Their trade persuades them they can find
whatever they go looking for –
even if it’s wandered off
risking it will lose itself
along a dead-end path.

Angels visit intermittently.

Shepherds simply do not leave:
they keep on pushing through
the crowds, like eager strangers,
full of what they’ve seen, intent
on stretching more imaginations
round the notion of an always
crosswise-intersecting now.

*Michael Bartholomew-Biggs is a retired mathematician living in London. He has published several poetry collections, most recently Tradesman’s Exit  (Shoestring
2009). He is poetry editor of the on-line magazine London Grip and
co-organiser of the Poetry in the Crypt reading series in Islington.

In our West Country town
we raised a Nativity —
it was almost life-size
in the way it’s done here
the Joseph and Mary
big-boned types from Chard
attending a manger
its yellow muslin bundle
its four turned chair-legs
and the kings no better
the shepherds as tinkers
but the remarkable thing
was a piebald mongrel
that visited the stable
each evening for weeks
sometimes to lift a leg
but vanishing away . . .
till a day it never came
and the people of this town
as one met the bill
to stuff its pelt life-hard
with a fine yellow sawdust
to install a modern saint
in the familiar stable

*Martyn Crucefix’s most recent collection, Hurt, was published by Enitharmon. His translation of Rainer Maria Rilke’s Duino Elegies
(Enitharmon 2006) was shortlisted for the 2007 Popescu Prize for
European Poetry Translation. His translation of Rilke’s Sonnets to
Orpheus will be published in 2012.

Three French Hens


Click here for accompanying singing hen film

*Ira Lightman
makes public art in the North East (the Spennymoor Letters, the Prudhoe
Glade, the Gatesheads) and lately Willenhall and Southampton. He
devises visual poetry forms and then asks local communities to supply
words that will bring them alive. He is a regular on BBC Radio 3′s The Verb.

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The Sixth Day of Christmas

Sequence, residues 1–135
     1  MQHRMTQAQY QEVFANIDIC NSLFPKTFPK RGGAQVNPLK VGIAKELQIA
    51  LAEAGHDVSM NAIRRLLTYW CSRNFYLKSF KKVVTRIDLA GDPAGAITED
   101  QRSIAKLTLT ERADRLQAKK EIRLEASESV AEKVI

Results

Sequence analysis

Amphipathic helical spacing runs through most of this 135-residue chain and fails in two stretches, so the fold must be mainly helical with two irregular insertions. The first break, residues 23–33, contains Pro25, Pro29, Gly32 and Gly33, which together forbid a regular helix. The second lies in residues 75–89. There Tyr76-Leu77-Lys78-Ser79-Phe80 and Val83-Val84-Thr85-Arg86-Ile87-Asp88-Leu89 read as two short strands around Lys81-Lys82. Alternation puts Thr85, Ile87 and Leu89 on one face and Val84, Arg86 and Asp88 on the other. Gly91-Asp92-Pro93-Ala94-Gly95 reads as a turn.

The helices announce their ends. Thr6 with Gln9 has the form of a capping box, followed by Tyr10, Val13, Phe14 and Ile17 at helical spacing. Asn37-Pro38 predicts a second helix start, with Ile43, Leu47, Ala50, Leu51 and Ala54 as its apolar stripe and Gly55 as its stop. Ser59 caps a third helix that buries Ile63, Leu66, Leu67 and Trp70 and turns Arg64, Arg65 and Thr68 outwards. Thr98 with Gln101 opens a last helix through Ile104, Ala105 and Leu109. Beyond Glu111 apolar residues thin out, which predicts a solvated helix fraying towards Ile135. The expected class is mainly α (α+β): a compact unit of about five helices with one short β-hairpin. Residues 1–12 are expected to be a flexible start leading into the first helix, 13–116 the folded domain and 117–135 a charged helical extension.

Living Yule

I was there, when men squatted on haunches

to chip flint and weave webs of belief
 from seasons
and circles of death and growth.

The stink of boar-grease stiffening my braid

and blue whorls whispering under my skin 

offered hope that darkness could end.

I put on homespun robes and tonsured my head
to walk the years when dogma stalked faith;
smoothing old ways and old faces to new shapes,
nudging builders to find safe spaces in stone arches.
Heedless of changed names for the turns of the year,
I watched the ploughman bury cakes for first cut,
crooned the song of seasons round to seed-time.

I’ve paced the years’ life and I am still here to die
ever again. Hide me beneath plastic and tinsel,
dress me in red, fatten my cheeks, sweeten my story;
the scent of old circles clings to the shade of man.

Angela France

More through a faint vibration of the air
on our skin than by the ear,
we feel his arrival and hurry out –
leave the unfamiliar house for a darkness that
to our urban eyes is solid pitch,
nothing close, no middle, no sense of distance,
just a freezing rural December night
and whatever we can feel beneath our feet.
And there he is, rear wheels slipping in the mud
frictionless as any proper god –
come with the intent of supplying us
with food and drink through the winter solstice.
Rotund, in the spill of his van’s light,
a pair of plump hands on hips, legs apart,
he stands there laughing at his predicament,
then punches away at the faint
signal on his phone but the place is too remote.
We offer to help him out –
begin to stumble to and fro in the lane,
in his rear-lights each like a crimson-faced clown –
trying gravel shovelled from the farm drive,
trying terracotta roof tiles
someone has tipped beside the bramble hedge.
We search for anything we might wedge
in the black slithering mess under his tyres,
straw, cardboard, logs, ironic prayers.
But the van still snarls like a tethered beast
and rocks to and fro like a helpless
child that fights the confines of its cradle . . .
Then he dismisses us with a smile.
He sends us back to light and warmth,
saying something like it’s what I’m here for.
We shut the door, relieved, to be honest.
We leave him to the closing vice of frost
and next morning scarves of mist
replace the dark that with him have vanished.
Wheel ruts, gravel, red tiles broken:
we laugh in daylight – did this really happen?
Outside, there is so little evidence to show.
Inside, shelves overflow.

Martyn Crucefix

*Angela France has had poems published in many of the leading journals, in the UK and abroad. She has an MA (with distinction) in ‘Creative and Critical Writing’ from the University of Gloucestershire and is studying for a PhD. Her second collection, Occupation is available from Ragged Raven Press and a third will be out with Nine Arches Press in 2011.

*Martyn Crucefix's  prizes include a major Eric Gregory award and a Hawthornden Fellowship. He has published 4 collections, including An English Nazareth
(Enitharmon, 2004). His translation of Rilke’s Duino Elegies was
published by Enitharmon in 2006, shortlisted for the Popescu Prize for
European Poetry Translation. His new collection,
Hurt, has just been published by Enitharmon.